From a riotous Reykjavik which feels like its under bombardment. The fireworks have been going off across the city like one giant display for three quarters of an hour. It’s amazing. The sky is now thick with smoke. Happy 2012 to you all!
There was more to our day than that though – and indeed more to the New Year’s Eve celebrations. Our evening began at about the only restaurant we could find that was open. An Icelandic tapas place on the harbour that came highly recommended. There was a set course menu but the various – mostly fish – courses were wonderful and stuffing.
We staggered out into the icy car park and arranged to meet the parents of an Icelandic friend to see how Icelanders celebrate New Year. It turns out to involve rather a lot of setting fire to things with fireworks all over the place and the most enormous neighbourhood bonfires you have ever seen. Inga’s Dad met us and took us to a residential street with a large field behind the houses in which a small forest appeared to be at the centre of an inferno. The heat was tremendous and all around us people were pulling fireworks out of their pockets and setting them off, just like all those public information films in the Seventies said we shouldn’t do. Tom ran off to make a snow cave with Inga’s kids who were staying with their grandparents, and for an hour or so we crisped our faces in the heat from the bonfire and looked out over the city where distant sparkles were flying into the air from all angles.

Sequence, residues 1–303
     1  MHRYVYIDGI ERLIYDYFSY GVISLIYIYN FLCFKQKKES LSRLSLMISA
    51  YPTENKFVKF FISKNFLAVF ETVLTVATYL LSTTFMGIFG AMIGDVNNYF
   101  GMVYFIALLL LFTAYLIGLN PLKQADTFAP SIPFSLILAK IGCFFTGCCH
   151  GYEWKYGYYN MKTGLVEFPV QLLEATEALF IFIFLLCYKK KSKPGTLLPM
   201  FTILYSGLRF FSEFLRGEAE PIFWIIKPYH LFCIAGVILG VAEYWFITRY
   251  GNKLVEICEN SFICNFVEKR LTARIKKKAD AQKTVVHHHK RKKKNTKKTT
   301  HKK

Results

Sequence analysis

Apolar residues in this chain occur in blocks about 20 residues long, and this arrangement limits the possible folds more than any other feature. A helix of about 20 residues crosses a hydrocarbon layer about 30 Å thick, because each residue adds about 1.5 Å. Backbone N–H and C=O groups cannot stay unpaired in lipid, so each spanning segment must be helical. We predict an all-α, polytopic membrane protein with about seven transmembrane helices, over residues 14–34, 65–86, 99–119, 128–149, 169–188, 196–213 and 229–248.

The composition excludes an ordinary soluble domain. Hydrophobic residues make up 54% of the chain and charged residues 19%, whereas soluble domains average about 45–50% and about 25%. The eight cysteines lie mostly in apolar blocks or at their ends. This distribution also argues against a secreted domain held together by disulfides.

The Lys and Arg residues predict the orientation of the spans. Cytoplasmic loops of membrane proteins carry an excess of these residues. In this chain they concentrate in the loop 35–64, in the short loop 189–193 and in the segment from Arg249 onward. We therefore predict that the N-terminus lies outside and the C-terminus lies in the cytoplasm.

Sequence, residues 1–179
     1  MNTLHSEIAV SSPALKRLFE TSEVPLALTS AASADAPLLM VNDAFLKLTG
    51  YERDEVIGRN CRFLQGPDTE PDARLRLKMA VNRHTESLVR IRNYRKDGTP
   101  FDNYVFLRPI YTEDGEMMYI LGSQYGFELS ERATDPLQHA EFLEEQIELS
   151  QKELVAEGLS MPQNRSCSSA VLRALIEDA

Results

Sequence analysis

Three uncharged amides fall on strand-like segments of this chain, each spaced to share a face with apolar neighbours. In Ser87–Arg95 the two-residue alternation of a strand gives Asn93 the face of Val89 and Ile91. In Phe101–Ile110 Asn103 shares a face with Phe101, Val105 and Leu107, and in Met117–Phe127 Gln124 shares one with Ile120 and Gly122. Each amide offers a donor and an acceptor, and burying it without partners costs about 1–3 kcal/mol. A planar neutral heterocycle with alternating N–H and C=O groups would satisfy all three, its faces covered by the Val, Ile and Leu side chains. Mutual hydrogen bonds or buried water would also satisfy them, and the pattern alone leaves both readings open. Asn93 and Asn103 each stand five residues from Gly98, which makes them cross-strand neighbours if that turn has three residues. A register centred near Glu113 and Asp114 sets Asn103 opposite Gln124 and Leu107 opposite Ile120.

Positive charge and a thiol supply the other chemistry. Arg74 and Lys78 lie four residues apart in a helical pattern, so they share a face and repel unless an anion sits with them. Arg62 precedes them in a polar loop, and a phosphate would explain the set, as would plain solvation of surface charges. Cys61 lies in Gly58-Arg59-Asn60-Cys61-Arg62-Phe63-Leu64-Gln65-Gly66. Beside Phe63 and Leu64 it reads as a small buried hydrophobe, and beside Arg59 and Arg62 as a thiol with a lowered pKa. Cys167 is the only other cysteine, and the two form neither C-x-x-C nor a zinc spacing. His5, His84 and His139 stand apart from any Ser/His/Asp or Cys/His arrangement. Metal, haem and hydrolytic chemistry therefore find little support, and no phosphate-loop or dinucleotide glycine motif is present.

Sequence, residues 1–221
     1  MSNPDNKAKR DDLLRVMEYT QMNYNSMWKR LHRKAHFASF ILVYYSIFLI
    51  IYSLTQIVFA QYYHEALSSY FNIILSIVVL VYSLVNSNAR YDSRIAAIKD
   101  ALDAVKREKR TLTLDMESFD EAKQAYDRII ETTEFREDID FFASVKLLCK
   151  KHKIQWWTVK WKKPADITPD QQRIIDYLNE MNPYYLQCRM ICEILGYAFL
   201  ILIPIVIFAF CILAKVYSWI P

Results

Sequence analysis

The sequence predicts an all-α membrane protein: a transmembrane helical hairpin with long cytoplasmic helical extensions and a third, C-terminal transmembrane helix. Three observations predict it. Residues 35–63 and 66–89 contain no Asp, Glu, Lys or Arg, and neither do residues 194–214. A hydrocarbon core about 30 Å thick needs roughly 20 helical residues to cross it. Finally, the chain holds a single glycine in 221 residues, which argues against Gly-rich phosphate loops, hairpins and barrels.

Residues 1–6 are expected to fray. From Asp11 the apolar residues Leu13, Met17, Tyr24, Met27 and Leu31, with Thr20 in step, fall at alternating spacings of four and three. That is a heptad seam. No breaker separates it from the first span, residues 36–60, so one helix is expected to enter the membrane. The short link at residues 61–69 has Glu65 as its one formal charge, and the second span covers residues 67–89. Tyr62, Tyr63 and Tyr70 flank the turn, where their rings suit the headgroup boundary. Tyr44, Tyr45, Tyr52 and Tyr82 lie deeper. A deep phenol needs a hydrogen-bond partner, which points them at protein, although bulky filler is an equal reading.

At ten o’clock, everyone went inside. It is a tradition in Iceland, that everyone, but everyone watches a satirical New Year’s Eve program on TV called “Áramótaskaupið. Which almost certainly isn’t pronounced as it is spelled so don’t bother trying. Inside our host’s house a large crowd had gathered in the living room with booze and platefuls of food, while largely incomprehensible humour (to us anyway) was being played out on a screen in front of them. It was a lovely friendly atmosphere and the language barrier was largely overcome by much smiling and passing of drinks. We left before the end and made our way through an utterly deserted city back to the apartment.
We could tell when the program finished because that’s when the sky started exploding all over again and continued to do so until the small hours. That’s the way to see in a new year…